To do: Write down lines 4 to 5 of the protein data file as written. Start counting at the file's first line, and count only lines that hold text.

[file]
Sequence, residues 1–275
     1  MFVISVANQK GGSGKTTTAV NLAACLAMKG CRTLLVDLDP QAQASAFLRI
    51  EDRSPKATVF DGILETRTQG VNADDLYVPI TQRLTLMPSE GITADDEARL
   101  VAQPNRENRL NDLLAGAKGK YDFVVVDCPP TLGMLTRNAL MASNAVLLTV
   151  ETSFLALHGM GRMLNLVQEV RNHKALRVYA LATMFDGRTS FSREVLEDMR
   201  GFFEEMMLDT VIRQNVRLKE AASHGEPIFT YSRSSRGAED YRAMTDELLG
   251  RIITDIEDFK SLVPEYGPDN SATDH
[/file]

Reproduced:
   101  VAQPNRENRL NDLLAGAKGK YDFVVVDCPP TLGMLTRNAL MASNAVLLTV
   151  ETSFLALHGM GRMLNLVQEV RNHKALRVYA LATMFDGRTS FSREVLEDMR